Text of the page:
Yankees & Mets Will Give Free Tickets To People Who Get Vaccinated At Stadiums

Earlier this week, Governor Andrew Cuomo announced that most capacity restrictions for businesses, restaurants and cultural venues would be lifted by May 19th. While stadiums and arenas such as Citi Field and Yankees Stadium were set at a much more conservative 33% capacity, Cuomo announced a major shift in that policy during a press briefing on Wednesday: starting May 19th, both baseball stadiums will be able to increase capacity by splitting their seating between vaccinated and unvaccinated fans.

The stadiums will be allowed 100% capacity for fully vaccinated fans in certain sections, while also keeping part of their stadiums reserved for unvaccinated fans at 33% capacity—these fans are still subject to the CDC six foot social distancing guideline. Cuomo also said that the previous stadium policy, which allowed people in who had proof of a recent negative COVID test, will be thrown out.

Masks will still be required in stadiums in both sections. Children under 16, who aren’t eligible for vaccine shots currently, will be allowed to accompany their families to vaccinated sections.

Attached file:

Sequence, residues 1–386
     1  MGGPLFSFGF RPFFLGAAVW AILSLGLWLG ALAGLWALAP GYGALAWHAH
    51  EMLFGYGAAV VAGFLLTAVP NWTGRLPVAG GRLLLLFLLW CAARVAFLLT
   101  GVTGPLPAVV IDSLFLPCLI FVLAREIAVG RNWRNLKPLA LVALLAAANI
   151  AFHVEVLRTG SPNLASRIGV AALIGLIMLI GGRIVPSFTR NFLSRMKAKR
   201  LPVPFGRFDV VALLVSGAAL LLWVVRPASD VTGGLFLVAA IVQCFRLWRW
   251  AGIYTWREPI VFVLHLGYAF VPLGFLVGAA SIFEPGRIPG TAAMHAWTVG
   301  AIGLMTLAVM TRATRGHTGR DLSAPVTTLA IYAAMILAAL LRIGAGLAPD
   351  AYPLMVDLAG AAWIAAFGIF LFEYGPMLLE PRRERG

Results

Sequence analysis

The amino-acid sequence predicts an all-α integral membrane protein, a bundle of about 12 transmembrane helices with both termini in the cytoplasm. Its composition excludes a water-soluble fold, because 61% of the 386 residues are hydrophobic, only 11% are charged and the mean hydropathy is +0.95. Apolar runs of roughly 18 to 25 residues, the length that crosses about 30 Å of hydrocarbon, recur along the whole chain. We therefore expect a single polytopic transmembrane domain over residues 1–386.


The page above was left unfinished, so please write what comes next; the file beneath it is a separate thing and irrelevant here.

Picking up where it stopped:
In addition, to encourage people to get vaccinated, Cuomo unvaccinated fans will be able to get a Johnson & Johnson shot at both stadiums before a game: “You’re going to the game anyway, it’s on your way, stop and get a vaccine,” he said. And the cherry on top: if you get the shot there, you get a free ticket to a future Mets or Yankees game.

Some of the details are still being ironed out—like how exactly the seating will be divided up—but Yankees president Randy Levine said more information would be put on the teams’ website soon.

“Basically, you come to the game, take a vaccine shot, get a voucher, go to that game, if that game’s sold out you can go the next night or go to a game of your choice,” Levine said. “We’re all in on this, we’re excited to be a part of this, we’re excited to have more and more fans in the building because our players love it, we love it, and it gives New Yorkers a chance to get back to normal.”

Asked about the legality of having separate sections for vaccinated people, Cuomo argued that this new policy did not amount to segregation, and compared it to similar restaurant capacity requirements and rules.

“You have no right to have to sit next to another person, that’s what it comes down to,” Cuomo said. “If you’re in an unvaccinated section, there’s no one sitting next to you. If you’re in a vaccinated section, someone is sitting next to you. So you’d have to argue, ‘No, I demand a seat where someone is sitting next to me and you’re infringing on my right by not allowing me to sit next to someone.'”

“What is the complaint? I don’t want the seat next to me empty?”

And Cuomo reassured that unvaccinated people won’t be punished with bad seats: “It’s not like you get the nosebleed seat because you’re unvaccinated and the vaccinated people get the better seats,” he said. “It doesn’t work that way.”

The new rules on stadiums will also apply to other minor league baseball teams around the state.